Does anyone know how much breastmilk a baby needs per day in ounces? I'm concerned the daycare may be overfeeding my DS. He's three and a half months old and according to the daycare has increased his intake. Yesterday they fed him 33 ounces plus he'd nursed his fill not more than an hour before I left him in the morning and then when I got there to pick him up he started rooting around to nurse and he'd just finished a bottle about fifteen minutes before I got there. He was a big baby when he was born...10 pounds 6 ounces....and now he's almost 15 pounds. The daycare was feeding him every two hours and sometimes sooner as he seemed to need. If anyone knows where I can find the info that would be great too.
There is this calculator, http://www.kellymom.com/bf/pumping/milkcalc.html. But I was told this could vary. Depending on the child.
How long is he at daycare for? 33 ounces does seem like a lot. Sounds like he may be growing. He's probably just rooting around cause he misses his mum and wants to be close to you. Ive heard you cant overfeed a breastfeed baby. If he wants it then give it to him. Its hard to control how much milk the caregivers give your son because you are not there to determine his needs. It is likely that food is comforting for him especially in this environment even more so if daycare is relatively new for him. Good luck sounds like you have a healthy growing boy! I have also seen on this forum that baby needs about 1.5 ounces for every hour you are gone. here is another link for suggested amount of bmilk in bottle intake http://parenting.ivillage.com/newbor...,,77sw,00.html
I am feeding my baby expressed breastmilk. I have heard that there is a formula for figuring out what she needs (approximately) each day. Is this true, and if not, how can I determine how much to feed my one month old, who weighs 12 pounds?
There is a mathematical formula commonly used for calculating how much expressed breastmilk to feed a baby at each feeding. Though this mathematical formula is commonly used I could not find a reference for it in any breastfeeding resource and found some variation among methods. Understand that this calculation will only provide a very rough estimation of what your baby needs at each feeding and should not be used as a hard and fast rule.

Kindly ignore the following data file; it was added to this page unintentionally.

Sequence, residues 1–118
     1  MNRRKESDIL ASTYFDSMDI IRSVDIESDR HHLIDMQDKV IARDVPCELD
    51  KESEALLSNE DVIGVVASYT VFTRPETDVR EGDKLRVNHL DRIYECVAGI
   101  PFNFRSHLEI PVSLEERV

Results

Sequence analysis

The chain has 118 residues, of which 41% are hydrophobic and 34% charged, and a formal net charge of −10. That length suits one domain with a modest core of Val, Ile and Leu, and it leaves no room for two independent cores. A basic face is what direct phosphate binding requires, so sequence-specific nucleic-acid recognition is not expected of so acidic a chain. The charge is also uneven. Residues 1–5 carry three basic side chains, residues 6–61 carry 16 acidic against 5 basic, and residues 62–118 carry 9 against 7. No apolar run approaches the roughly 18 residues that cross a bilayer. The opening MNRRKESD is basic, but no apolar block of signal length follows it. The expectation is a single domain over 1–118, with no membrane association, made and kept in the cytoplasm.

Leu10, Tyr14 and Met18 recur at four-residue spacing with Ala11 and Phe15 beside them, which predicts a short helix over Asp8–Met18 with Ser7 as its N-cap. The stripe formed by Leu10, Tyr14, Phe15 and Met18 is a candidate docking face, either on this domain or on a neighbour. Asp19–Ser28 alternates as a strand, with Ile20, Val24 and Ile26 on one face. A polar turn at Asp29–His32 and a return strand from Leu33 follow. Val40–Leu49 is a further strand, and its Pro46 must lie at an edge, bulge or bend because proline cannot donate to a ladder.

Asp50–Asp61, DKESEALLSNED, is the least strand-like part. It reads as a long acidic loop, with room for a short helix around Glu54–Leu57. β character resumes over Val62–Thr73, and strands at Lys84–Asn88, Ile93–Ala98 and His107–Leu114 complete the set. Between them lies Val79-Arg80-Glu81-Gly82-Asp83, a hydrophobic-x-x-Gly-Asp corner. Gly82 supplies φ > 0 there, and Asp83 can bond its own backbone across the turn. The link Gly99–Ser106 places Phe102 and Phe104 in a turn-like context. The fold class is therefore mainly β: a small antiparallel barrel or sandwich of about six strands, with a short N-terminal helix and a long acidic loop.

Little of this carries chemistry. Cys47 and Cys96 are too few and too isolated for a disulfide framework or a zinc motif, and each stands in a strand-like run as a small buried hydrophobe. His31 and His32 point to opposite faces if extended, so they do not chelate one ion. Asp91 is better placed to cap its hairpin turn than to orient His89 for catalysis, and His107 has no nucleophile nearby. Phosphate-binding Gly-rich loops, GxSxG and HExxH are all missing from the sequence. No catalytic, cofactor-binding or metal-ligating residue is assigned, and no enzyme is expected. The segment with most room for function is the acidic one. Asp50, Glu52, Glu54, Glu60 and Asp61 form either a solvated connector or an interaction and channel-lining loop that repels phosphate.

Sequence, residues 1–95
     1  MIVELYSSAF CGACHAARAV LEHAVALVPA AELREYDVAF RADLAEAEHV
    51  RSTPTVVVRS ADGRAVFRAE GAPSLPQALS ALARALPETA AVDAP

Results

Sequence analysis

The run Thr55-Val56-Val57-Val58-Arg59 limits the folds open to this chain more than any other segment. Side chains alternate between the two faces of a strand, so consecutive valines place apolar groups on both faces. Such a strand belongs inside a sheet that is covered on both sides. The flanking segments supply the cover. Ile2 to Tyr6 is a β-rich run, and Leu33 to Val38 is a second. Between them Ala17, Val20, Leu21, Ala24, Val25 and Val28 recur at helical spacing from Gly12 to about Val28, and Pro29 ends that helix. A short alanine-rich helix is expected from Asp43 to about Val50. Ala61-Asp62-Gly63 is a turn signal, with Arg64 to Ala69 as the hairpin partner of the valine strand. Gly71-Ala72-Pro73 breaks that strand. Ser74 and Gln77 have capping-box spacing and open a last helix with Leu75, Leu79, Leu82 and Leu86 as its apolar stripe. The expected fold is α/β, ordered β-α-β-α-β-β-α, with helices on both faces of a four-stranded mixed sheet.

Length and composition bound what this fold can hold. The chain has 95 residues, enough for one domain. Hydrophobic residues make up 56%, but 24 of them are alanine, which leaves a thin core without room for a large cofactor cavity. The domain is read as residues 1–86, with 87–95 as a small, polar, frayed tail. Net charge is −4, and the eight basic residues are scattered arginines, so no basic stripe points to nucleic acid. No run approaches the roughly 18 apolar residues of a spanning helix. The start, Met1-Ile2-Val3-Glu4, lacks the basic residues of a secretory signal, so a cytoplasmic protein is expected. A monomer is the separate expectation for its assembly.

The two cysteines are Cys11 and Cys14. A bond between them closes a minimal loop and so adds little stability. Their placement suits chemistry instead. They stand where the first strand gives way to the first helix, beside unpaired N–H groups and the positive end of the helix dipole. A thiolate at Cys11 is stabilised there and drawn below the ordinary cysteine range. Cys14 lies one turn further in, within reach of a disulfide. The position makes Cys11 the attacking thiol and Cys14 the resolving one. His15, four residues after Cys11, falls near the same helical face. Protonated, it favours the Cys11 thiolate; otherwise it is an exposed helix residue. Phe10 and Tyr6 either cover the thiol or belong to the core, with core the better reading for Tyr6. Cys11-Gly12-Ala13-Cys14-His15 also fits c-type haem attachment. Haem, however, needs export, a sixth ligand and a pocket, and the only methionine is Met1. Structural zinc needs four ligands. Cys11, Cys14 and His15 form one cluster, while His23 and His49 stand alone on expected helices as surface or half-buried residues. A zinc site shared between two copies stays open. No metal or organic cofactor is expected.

When feeding expressed breastmilk you should follow your baby's cues to determine both the timing and amount of each feeding. You should also ask your pediatrician for an expected 24 hour total intake of breastmilk if your baby is only getting expressed breastmilk and not taking milk directly from the breast at all. It is my understanding that this mathematical formula does not work as well as the baby gets older and bigger.
To calculate the approximate range for the number of ounces of expressed breastmilk to provide per feeding use the following mathematical formula:
Take your baby's weight in pounds and multiply it by two and a half to three times. Then, divide this number by the total number of feedings per day to arrive at the approximate feeding amount, in ounces, for each feeding.
In your case this would be baby's weight (12) times either two and a half, equalling 30 (ounces) or three times, equalling 36 (ounces). Then divide this number by the total number of feeds per day. For example, if your baby has ten feedings per day, he or she would have between 3 and 3.6 ounces at each feeding.
Babies commonly take a variety of amounts at each feeding. I tell mothers to store their milk in small increments at first, usually one or two ounce increments. That way it is easy to tailor each feeding amount to the baby's need. Because the milk is stored in small units, it is easy to thaw and warm and there is little waste.
As your baby becomes more accustomed to taking expressed breastmilk, you may notice he or she takes a similar amount at each feeding. At that point it may be easier to store in that amount. I would still recommend storing some breastmilk in smaller increments for those times when your baby wants a little more as she grows, or as a little snack.
Thanks for all your input. His doctor said to give him rice cereal in his bottle, but I'm not sure about doing that. The calculators really did help. He's at daycare for about 10 hours per day, five days a week. Daycare is relatively new for him as he's only ever been cared for by me or a family member until about three weeks ago....I came back to work about two weeks ago. Honestly, I'm confused because my other two didn't do this and his doctor had said not to start solids until 6 months, but now she's saying to give him 1 tsp of rice cereal per 4 oz of breastmilk. Should I start him right away on that or should I just wait a couple of days and see if it calms down?
rice isn't needed at that age..
do he take a passifier?
or can they use another way to calm baby besieds feeding like a swing?
Does he sleep alot at night?
some babies that sleep all night early need extra milk during the day to make up for thoose missed feeds.